The International Robot Exhibition 2015 was held in Tokyo last week, and it—along with recent developments—has me thinking about the future of robots and artificial intelligence (AI), as well as what that means to humans.
First of all, Toyota announced it has plans to leverage its manufacturing expertise to become a leader in the field of what it calls “partner robots.” The company only has about 150 robotics engineers out of a worldwide staff of 300,000, but Toyota is investing heavily in research and development.
Last month, for instance, Toyota announced a $1 billion investment in a research company headed by robotics expert Gill Pratt to develop AI and robotics. It’s already working with Stanford University and the Massachusetts Institute of Technology on robotics.
We are preparing for a future in which people may not be able to drive cars, or they may need artificial intelligence to support them to drive, and once they get out of their cars, they may need help from partner robots,” Akifumi Tamaoki, general manager of Toyota’s partner robot division, said in an Associated Press interview.
Then again, one must wonder about the implications of continued research and development in robotics and AI. Noted theoretical physicist Stephen Hawking expressed concern about AI in a BBC News interview last year. While the early forms of AI developed so far have already proved very useful, Hawking said he fears the consequences of creating something that can match or surpass humans. The development of full AI “could spell the end of the human race,” Hawking said.
Elon Musk, Tesla Motors’ CEO, has publicly expressed similar thoughts. A host of scientists and entrepreneurs later expressed additional concerns in a letter, titled “Research Priorities for Robust and Beneficial Artificial Intelligence: an Open Letter” earlier this year.
It was interesting then to recently read that the University of Cambridge is launching a new research center, thanks to a $15 million grant from the Leverhulme Trust, to explore the opportunities and challenges to humanity stemming from the development of AI. The Leverhulme Centre for the Future of Intelligence brings together computer scientists, philosophers, social scientists and others to, as center directors explain, examine the technical, practical and philosophical questions AI raises for humanity.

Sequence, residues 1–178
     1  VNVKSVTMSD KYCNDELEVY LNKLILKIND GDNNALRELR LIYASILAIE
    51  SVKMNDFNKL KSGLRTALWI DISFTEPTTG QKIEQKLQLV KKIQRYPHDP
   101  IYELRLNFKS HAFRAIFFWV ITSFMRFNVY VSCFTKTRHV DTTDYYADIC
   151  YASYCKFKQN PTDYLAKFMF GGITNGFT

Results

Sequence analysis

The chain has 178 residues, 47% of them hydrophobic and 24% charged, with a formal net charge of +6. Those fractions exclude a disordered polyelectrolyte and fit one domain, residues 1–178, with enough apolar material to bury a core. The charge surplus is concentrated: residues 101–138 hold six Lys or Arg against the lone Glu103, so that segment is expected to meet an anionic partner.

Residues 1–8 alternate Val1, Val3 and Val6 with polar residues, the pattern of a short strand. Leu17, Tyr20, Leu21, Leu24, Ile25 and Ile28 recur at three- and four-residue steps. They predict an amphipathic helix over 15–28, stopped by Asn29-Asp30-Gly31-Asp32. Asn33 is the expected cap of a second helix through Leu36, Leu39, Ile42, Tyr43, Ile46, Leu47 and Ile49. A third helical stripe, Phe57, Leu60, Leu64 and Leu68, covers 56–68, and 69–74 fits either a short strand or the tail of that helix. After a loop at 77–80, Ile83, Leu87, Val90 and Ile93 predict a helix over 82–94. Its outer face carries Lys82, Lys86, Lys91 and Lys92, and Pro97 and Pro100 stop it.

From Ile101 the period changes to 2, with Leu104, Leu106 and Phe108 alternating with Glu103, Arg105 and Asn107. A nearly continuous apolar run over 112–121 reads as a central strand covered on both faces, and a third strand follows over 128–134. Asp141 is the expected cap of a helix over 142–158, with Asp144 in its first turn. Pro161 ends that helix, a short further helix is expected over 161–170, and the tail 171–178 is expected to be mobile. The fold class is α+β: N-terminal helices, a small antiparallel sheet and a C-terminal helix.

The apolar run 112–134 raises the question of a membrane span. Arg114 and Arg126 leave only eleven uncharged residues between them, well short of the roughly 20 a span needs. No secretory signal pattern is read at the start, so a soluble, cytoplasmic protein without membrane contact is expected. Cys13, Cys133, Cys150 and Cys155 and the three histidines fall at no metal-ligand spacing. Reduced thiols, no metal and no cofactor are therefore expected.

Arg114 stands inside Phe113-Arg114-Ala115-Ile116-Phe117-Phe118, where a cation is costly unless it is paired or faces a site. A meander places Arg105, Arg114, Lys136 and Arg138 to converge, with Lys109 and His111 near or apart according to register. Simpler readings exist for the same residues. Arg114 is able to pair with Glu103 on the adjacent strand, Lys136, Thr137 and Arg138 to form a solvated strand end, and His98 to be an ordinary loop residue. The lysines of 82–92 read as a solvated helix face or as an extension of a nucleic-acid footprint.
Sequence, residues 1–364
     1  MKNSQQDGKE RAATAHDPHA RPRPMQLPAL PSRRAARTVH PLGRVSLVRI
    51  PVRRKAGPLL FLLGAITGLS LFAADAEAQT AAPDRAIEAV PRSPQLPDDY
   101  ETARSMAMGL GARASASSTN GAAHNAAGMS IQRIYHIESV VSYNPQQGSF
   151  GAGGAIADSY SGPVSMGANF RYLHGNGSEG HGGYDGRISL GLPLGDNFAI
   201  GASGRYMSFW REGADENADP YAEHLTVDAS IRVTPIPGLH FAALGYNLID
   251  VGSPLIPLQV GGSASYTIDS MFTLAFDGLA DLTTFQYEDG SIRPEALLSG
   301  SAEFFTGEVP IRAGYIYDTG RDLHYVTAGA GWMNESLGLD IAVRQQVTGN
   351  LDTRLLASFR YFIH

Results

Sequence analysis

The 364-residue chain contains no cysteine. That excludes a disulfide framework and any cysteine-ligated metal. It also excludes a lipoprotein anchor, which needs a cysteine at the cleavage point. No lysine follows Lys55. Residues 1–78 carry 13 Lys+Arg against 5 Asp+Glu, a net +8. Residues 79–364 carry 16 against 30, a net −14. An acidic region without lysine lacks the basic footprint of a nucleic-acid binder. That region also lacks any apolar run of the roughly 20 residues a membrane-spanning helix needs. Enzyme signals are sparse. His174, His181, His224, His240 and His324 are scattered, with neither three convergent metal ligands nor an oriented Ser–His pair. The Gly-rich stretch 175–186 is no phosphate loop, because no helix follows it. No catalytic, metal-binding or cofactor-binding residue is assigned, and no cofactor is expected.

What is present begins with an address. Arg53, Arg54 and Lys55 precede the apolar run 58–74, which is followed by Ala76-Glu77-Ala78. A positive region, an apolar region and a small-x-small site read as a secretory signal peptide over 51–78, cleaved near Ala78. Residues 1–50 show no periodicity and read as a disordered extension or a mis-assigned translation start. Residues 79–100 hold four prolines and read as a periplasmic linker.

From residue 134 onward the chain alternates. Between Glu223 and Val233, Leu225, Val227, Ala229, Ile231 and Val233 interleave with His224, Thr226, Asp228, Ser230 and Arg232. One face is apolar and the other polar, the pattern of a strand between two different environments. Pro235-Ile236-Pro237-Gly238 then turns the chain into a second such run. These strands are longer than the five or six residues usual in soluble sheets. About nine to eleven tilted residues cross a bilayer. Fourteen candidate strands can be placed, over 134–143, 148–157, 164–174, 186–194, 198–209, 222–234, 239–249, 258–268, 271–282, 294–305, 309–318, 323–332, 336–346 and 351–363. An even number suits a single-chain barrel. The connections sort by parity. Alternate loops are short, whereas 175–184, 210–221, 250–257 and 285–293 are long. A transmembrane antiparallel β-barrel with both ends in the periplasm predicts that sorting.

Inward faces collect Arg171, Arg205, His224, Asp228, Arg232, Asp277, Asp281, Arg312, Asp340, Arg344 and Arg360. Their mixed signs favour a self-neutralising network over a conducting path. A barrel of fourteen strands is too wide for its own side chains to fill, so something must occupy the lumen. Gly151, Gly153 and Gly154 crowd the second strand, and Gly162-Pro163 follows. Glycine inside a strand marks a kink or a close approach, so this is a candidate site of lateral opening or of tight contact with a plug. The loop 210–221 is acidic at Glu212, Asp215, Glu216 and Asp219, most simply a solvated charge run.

“Machine intelligence will be one of the defining themes of our century, and the challenges of ensuring that we make good use of its opportunities are ones we all face together,” says Huw Price, the Bertrand Russell Professor of Philosophy at Cambridge and Director of the Centre. “At present, however, we have barely begun to consider its ramifications, good or bad.”
Dr Seán Ó hÉigeartaigh, Executive Director of the University’s Centre for the Study of Existential Risk (CSER), adds that the center is intended to build on CSER’s work on the risks posed by high-level AI and place those concerns in a broader context, “looking at themes such as different kinds of intelligence, responsible development of technology and issues surrounding autonomous weapons and drones.”
That’s an important point and a growing concern. Elon Musk, Apple co-founder Steve Wozniak, Google DeepMind chief executive Demis Hassabis and professor Hawking along with 1,000 notable AI and robotics researchers presented an open letter expressing those same concerns at the International Joint Conference on Artificial Intelligence in Buenos Aires last summer. That letter warns of a “military artificial intelligence arms race” and calls for a ban on “offensive autonomous weapons.” The issue, the letter explains, is that if one military power starts developing systems capable of selecting targets and operating autonomously without direct human control, it would lead to an arms race similar to the one for the atom bomb.
I don’t necessarily believe that the rise of AI will bring the fears of science fiction writer Philip K. Dick to life. Then again, as research continues on projects such as partner robots, “smart” weapons and self-driving cars, I do believe it’s a good idea to determine just what, exactly, is considered to be the responsible development of technology and AI.
What do you think about the future of AI?